Charities, non-profits and CASL

Some people mistakenly think that only businesses find Canada’s anti-spam law (CASL) to be burdensome, unworkable, and counter-productive. However, this view appears to be shared by every sector that is faced with compliance including charities and not for profit organizations, universities, colleges and hospitals.

Industry Canada has now received submissions to the consultation from organizations representing the entire charitable and non-profit sectors. The submissions include calls by each of the Ontario Nonprofit Network, Imagine Canada, and the Association of Universities and Colleges of Canada (AUCC) for a complete exemption from CASL. They, along with Canadian Bar Association, provide example after example of how CASL’s “ban all” approach to regulating electronic messages with any direct or indirect commercial content or links will have very deleterious implications, in this case for charities and not for profit organizations.

Imagine Canada’s submission asked that charities and nonprofits be exempted from CASL. Its reasons included the following:

1. The definition of “commercial electronic message” is sufficiently broad that it will restrict the ability of many charities and public-benefit nonprofits to carry out activities that further their missions to serve Canadians and communities.

2. The draft regulations, as presented, would place undue financial and administrative burdens on charities and public-benefit nonprofits.

3. The draft regulations do not reflect or accommodate the ways in which charities and public benefit nonprofits communicate with each other, with key stakeholders, or with the general public.

4. The draft regulations are inconsistent with other domestic policies and with the federal government’s stated objectives regarding philanthropy and the facilitation of earned income by charities and public-benefit nonprofits.

The Ontario Nonprofit Network also sought a complete exemption from CASL for non-profit organizations such as entities who are organized and operated exclusively for social welfare, civic improvement, pleasure or recreation or for any purpose other than profit. Its submission described numerous instances in which non-profits would be impacted by CASL including a children’s soccer program, an online women’s collective that organizes clothing drives for women’s shelters, a casting call by a community theatre, an organization supporting children with developmental disabilities, and organizations that deal with child welfare, young offenders or reproductive health rights.

Its reasons for seeking the exemption included the following:

1. The regulations as presented do not support or accommodate the organizational structures and community building work of the thousands of small and mid-size charitable and nonprofit organizations providing public benefit in communities.

2. Small and mid-size charitable and nonprofit organizations cannot comply with CASL and its regulations and undertake their day-to-day work. There is a fundamental conflict that will either impede their work in communities or, as noncompliant, leave them vulnerable to potentially prohibitive fines and private actions.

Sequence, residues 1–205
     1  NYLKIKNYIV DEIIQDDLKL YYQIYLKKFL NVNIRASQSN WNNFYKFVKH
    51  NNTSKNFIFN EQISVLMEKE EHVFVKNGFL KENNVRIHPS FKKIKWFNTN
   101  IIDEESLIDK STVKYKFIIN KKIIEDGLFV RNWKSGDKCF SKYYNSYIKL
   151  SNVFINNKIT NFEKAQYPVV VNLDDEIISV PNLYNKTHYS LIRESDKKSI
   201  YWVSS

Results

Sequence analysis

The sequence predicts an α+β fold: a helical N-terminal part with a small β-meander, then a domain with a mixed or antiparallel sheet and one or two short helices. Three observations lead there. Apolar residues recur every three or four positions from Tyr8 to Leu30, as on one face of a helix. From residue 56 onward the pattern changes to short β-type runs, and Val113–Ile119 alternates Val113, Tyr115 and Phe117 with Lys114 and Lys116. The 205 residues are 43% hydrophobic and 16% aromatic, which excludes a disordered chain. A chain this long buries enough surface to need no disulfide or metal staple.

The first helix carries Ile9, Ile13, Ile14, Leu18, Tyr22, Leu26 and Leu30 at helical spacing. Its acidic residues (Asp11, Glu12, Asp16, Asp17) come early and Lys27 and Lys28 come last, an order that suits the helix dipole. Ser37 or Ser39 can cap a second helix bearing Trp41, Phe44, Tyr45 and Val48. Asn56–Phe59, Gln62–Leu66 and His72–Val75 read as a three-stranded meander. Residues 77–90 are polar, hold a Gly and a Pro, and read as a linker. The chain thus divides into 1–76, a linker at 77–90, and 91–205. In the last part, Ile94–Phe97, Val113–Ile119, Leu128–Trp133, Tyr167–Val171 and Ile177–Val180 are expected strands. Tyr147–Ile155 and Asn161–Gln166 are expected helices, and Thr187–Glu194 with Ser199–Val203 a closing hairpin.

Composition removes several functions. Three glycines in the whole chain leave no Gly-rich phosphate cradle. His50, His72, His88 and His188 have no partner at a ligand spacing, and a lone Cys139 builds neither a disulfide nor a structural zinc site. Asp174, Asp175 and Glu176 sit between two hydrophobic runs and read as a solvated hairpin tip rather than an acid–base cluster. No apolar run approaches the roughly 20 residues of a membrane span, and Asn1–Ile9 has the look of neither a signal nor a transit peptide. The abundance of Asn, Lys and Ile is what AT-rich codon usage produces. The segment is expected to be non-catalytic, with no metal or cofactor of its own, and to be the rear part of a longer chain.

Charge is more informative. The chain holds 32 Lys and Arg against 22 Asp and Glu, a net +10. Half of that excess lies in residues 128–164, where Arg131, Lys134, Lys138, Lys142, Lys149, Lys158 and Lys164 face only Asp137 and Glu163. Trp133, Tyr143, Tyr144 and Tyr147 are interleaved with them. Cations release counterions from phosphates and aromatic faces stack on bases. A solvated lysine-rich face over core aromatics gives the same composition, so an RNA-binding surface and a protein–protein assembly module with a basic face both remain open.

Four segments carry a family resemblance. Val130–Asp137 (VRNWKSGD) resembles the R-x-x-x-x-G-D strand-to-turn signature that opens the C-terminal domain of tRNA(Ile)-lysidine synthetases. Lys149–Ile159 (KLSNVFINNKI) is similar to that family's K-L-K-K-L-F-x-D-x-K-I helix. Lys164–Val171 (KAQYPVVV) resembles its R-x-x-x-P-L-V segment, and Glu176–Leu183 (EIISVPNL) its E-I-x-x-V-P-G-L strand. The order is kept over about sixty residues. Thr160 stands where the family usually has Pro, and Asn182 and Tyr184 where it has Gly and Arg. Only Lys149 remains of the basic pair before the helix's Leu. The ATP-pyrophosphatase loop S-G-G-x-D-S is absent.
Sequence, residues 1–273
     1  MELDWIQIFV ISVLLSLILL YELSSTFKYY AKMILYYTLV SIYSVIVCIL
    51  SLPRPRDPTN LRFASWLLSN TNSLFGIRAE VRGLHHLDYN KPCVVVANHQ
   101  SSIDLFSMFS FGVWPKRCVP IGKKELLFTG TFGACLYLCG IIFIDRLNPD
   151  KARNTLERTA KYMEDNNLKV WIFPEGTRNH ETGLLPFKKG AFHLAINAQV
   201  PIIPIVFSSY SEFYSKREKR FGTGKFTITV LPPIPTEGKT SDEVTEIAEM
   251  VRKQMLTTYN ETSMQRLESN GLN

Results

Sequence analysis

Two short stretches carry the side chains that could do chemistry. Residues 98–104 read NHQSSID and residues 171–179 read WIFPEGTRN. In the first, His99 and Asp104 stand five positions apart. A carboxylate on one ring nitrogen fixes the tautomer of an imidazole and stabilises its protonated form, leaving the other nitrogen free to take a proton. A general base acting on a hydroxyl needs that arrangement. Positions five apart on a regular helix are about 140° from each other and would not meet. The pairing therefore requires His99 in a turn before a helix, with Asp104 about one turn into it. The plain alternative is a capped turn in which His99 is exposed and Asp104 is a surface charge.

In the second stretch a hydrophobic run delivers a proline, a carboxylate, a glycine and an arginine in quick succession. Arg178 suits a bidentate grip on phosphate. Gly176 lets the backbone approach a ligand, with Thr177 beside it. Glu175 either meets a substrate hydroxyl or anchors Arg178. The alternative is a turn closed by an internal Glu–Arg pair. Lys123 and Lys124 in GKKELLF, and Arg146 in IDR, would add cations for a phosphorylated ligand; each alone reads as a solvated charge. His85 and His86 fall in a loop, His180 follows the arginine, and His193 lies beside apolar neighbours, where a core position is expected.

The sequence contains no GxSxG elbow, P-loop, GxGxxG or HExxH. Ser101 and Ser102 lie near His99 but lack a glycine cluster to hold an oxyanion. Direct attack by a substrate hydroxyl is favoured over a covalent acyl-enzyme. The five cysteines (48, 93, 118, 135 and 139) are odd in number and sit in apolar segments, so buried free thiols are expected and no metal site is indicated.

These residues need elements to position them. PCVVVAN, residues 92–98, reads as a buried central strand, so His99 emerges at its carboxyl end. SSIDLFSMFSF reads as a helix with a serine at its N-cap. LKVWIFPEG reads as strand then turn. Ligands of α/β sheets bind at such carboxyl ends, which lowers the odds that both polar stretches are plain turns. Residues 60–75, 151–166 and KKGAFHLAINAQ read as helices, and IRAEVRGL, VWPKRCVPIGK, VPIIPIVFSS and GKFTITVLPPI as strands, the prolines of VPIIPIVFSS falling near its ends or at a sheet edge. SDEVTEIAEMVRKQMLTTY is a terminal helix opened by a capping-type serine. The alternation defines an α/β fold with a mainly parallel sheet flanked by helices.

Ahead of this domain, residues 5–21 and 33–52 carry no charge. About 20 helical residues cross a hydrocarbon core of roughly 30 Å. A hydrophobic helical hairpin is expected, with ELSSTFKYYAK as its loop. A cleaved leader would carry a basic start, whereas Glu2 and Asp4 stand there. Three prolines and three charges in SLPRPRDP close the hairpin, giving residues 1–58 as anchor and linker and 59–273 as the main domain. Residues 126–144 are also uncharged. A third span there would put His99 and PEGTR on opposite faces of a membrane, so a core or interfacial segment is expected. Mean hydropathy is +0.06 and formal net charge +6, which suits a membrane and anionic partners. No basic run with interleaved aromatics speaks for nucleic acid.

3. The legislation and regulation will place undue financial and administrative burden on those nonprofit organizations which attempt to comply.

4. The prohibitive costs and risks associated with requiring that charities and nonprofit organizations manage and maintain express and implied consent records across their complex databases and ever-changing community connections and relationships is not justified given their negligible participation in the generation of spam.

The Canadian Bar Association brief contained a thoughtful analysis of problems for charities and the not-for profit sectors. In concluding it said “It is critical that the uncertainty about application of the Act to the electronic communications of charities and NPOs be resolved before the Regulations come into force. Otherwise, charities and NPOs will be faced with the monumental task, with limited resources, of seeking consent for many of its electronic communications without a clear understanding of whether it is required.”

In a previous post, I highlighted that charities and the not for profit sectors would be hit hard by CASL. Lorne Salzman also published an article on the subject, which was submitted along with mine to the Industry Canada consultation on the draft Electronic Commerce Protection Regulations.

Canada’s anti-spam law (aka Canada’s anti-speech law), if not fixed before it comes into effect, will result in an electronic communications lock down that will have widespread impacts throughout Canada including on charities and the not for profit sectors.

About the only person that believes that charities, not for profit and other organizations will not be negatively impacted by CASL is Michael Geist.

For more information about CASL, see, CASL: the unofficial FAQ, regulatory impact statement, and compliance guideline.

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